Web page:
“It is also imperative that we immediately revisit the way we fund our schools because education is a huge component of our state budget. If we are serious about getting our fiscal house in order, the Governor should put school funding back on the table as part of this year’s budget deliberations.”

RIBLE SHOCKED BY FINDINGS OF ADDITIONAL ABBOTT SCHOOL SPENDING AUDITS

CALL $4,280 FOR GOLF SHIRTS IN ASBURY PARK AN UNACCEPTABLE EXPENSE

“Something is clearly wrong here and it is time that the officials responsible for this spending be held accountable.”

By the way – The audits of all 31 Abbott districts can be found right here at
www.state.nj.us/education
in the finance section. Just for the heck of it, trenton1


Assemblyman David Rible today said earlier this week he was shocked by some of the findings revealed in additional audits of Abbott school districts that were released just one month after an audit of the Union City school district uncovered egregious examples of waste and abuse of tax dollars in that district.

“New Jersey taxpayers send a disproportionate amount of their tax dollars into the 31 Abbott Districts in order to provide a thorough and efficient education for students in those districts,” said Rible, R-Monmouth. “While it has never been demonstrated that the spending in these districts actually results in a better education for students, it has clearly been demonstrated that it results in poor spending decisions and rampant waste and abuse of tax dollars.”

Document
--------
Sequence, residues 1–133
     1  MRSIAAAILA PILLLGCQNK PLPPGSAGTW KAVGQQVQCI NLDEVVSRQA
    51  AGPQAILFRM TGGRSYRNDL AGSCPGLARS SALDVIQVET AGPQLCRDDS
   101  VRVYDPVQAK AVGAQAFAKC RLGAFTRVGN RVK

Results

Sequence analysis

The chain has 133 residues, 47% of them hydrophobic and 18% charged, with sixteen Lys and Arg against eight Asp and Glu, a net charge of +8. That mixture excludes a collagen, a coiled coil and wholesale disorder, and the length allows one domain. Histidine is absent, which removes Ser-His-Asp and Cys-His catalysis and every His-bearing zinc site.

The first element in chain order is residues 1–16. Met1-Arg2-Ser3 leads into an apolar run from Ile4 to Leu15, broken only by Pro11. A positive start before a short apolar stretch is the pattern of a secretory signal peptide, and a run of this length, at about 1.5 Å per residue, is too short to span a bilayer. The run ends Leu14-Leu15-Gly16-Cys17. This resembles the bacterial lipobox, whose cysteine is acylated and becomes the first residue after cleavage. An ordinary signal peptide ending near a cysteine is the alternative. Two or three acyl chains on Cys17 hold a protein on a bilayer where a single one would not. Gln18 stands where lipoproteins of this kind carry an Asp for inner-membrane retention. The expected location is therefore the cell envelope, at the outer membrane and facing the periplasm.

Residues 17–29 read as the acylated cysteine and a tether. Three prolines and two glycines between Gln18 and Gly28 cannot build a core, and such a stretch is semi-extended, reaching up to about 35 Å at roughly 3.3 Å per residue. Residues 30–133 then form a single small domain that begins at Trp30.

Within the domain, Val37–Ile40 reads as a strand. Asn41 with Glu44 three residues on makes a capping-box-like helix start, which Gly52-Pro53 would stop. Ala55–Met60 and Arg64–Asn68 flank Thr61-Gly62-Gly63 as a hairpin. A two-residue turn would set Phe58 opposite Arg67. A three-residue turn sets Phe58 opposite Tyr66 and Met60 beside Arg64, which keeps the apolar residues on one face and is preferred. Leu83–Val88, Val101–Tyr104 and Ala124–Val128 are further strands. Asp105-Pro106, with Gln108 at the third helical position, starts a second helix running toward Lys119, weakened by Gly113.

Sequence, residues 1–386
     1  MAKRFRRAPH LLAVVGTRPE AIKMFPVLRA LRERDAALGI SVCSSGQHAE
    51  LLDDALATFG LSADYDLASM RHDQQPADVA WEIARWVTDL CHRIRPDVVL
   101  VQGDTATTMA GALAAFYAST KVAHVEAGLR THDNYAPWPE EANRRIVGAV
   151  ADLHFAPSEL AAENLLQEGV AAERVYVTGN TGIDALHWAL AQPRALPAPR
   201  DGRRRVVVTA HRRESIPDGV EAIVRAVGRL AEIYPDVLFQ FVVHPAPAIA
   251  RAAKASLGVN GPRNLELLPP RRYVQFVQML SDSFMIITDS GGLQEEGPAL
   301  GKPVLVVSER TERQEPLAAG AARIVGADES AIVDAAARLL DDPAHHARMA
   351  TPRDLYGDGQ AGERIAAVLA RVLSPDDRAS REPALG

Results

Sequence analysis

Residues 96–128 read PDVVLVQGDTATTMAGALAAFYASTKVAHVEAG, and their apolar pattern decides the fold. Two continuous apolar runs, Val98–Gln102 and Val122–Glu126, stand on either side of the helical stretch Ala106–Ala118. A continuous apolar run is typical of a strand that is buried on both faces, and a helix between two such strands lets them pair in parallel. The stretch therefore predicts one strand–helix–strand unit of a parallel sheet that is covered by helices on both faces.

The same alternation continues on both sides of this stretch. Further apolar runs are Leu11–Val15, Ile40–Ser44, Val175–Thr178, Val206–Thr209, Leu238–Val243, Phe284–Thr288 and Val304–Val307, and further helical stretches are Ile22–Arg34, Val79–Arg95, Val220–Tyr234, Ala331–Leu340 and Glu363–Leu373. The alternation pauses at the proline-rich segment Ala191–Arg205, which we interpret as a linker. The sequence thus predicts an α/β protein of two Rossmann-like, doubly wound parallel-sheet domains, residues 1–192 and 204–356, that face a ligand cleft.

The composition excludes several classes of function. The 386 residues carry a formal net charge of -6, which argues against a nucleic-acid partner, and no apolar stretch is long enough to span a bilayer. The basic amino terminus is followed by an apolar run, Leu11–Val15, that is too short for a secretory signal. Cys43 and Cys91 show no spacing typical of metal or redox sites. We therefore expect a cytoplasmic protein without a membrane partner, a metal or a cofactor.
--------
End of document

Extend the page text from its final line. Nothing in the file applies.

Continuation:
A story in the Sunday edition of the Gloucester County Times reported the findings of a number of audits of Abbott school districts conducted by KPMG LLP in New York. Previously, only the results of the Union City school district audit had been released by the state Department of Education.

Among the findings were that Bridgeton school officials spent more than $10,000 to send staff to conferences, including some in Atlanta, Ohio, Orlando and San Diego, and paid $1,383 to send students to a Double Dutch jump rope competition in South Carolina.

The auditors also discovered that Asbury Park paid $4,280 for golf shirts and jackets for athletic coaches while Gloucester City paid $6,116 for rain jackets for the football team. The Phillipsburg School District used $15,085 to buy banners for their 100th anniversary football game and their 100th game with rival Easton.

Rible noted that in recent years 56 percent of state school aid has gone to the 31 Abbott school districts while the other 580 districts have had to share the remaining 44 percent of that aid.

“We should be doing everything we can to provide a quality education for children in every school district in this state,” Rible said. “But someone will need to explain why school kids in suburban and rural districts have been getting short-changed for the past six years while the Abbott districts can pay for fancy golf shirts and $15,000 football game banners.”

“Something is clearly wrong here and it is time that the officials responsible for this spending be held accountable.”